Tax advantages for health benefits, retirement contributions, and mortgage interest may come under Congressional scrutiny this year in a tax reform debate.
Limiting or reducing deductions were among the highlights of the most recent tax reform proposal on Capitol Hill, catapulting tax-preference items to the forefront of the debate once again. Although unlikely to proceed as a formal piece of legislation, the Tax Reform Act of 2014 — released last week by House Ways and Means Committee
While the House this week approved a budget plan for FY 2014, the Senate continues to debate a starkly different proposal. As the budget process progresses, neither plan is likely to garner bipartisan approval, but the proposals illustrate the differences between the two political parties. Not surprisingly, long-term deficit reduction is a priority in both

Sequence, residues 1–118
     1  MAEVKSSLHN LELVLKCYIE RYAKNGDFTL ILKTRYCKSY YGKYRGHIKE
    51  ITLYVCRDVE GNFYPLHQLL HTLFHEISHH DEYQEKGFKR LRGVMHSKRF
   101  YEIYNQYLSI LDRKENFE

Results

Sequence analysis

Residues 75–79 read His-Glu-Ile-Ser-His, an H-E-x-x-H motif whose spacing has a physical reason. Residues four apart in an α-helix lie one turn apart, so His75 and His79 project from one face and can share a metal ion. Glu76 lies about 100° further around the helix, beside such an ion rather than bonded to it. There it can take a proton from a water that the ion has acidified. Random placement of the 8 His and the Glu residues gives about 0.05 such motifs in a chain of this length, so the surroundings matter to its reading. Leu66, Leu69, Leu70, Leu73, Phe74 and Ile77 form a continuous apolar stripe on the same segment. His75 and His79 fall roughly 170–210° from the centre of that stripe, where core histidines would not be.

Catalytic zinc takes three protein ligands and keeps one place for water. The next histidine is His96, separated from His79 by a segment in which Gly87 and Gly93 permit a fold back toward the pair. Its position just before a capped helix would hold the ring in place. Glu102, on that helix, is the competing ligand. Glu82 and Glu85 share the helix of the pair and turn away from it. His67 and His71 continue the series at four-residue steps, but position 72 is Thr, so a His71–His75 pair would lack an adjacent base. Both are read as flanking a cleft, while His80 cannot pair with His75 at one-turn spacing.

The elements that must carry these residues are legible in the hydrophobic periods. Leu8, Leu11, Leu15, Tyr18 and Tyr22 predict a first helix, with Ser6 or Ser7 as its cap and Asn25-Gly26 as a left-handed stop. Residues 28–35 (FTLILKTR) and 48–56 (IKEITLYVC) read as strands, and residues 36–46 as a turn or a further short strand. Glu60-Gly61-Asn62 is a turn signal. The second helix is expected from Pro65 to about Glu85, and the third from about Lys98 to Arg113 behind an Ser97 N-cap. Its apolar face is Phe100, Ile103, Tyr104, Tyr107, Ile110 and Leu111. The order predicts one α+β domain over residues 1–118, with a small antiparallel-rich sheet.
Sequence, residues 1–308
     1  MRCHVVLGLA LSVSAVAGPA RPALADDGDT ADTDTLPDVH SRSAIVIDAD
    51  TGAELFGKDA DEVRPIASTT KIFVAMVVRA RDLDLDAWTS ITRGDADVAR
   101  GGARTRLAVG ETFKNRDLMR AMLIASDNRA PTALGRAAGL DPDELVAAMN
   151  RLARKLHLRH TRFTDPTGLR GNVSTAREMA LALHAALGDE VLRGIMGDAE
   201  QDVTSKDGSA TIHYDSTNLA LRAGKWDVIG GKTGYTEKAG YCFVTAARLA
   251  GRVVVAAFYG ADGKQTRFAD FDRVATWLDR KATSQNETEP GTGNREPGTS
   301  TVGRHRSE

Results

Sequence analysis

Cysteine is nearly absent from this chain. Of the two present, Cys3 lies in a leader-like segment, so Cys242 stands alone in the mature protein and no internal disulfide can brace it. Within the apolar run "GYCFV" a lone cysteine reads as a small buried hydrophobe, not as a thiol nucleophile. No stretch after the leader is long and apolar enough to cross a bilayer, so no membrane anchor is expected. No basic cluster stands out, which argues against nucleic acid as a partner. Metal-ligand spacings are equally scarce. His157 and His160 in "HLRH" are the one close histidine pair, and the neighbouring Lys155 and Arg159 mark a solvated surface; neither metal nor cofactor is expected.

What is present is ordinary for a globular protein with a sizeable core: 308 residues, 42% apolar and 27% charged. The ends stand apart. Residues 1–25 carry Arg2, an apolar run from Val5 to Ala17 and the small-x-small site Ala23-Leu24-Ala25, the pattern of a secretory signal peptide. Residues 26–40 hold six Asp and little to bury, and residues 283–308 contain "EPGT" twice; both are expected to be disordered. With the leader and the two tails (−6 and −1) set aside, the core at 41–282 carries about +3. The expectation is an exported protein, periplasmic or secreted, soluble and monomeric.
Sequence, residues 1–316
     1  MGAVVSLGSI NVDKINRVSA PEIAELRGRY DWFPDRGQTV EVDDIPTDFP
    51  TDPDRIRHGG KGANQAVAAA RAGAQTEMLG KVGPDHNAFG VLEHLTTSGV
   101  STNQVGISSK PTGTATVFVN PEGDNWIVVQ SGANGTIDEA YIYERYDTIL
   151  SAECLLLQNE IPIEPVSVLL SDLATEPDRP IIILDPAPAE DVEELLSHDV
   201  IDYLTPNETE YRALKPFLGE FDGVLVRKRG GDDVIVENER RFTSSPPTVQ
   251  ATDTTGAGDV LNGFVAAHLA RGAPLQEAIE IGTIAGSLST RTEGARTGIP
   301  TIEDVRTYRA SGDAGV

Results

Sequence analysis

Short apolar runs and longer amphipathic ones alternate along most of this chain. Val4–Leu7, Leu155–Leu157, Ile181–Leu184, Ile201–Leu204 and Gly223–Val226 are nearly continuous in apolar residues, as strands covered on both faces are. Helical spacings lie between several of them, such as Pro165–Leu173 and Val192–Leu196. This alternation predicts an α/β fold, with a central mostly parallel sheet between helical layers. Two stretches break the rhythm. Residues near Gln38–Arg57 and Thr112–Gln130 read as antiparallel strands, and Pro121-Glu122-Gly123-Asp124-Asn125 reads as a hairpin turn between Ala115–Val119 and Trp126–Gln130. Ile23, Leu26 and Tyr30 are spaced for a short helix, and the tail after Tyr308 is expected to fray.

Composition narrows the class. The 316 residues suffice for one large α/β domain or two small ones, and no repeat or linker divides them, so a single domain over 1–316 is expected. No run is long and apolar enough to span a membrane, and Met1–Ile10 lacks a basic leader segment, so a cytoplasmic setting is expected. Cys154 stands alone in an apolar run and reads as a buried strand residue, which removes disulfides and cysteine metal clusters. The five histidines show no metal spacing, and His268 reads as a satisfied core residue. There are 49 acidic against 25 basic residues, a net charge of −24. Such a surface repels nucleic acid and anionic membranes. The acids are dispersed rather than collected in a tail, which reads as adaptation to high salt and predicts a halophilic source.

As Congress debates fixes for the budget deficit and reviews options to grow revenues, provisions in the tax code that have benefited investors are under scrutiny. Tax reform proposals, such as the Bowles-Simpson recommendations, call for a significant scaleback in the use of tax preference items, including many itemized deductions. More recently, plans endorsed by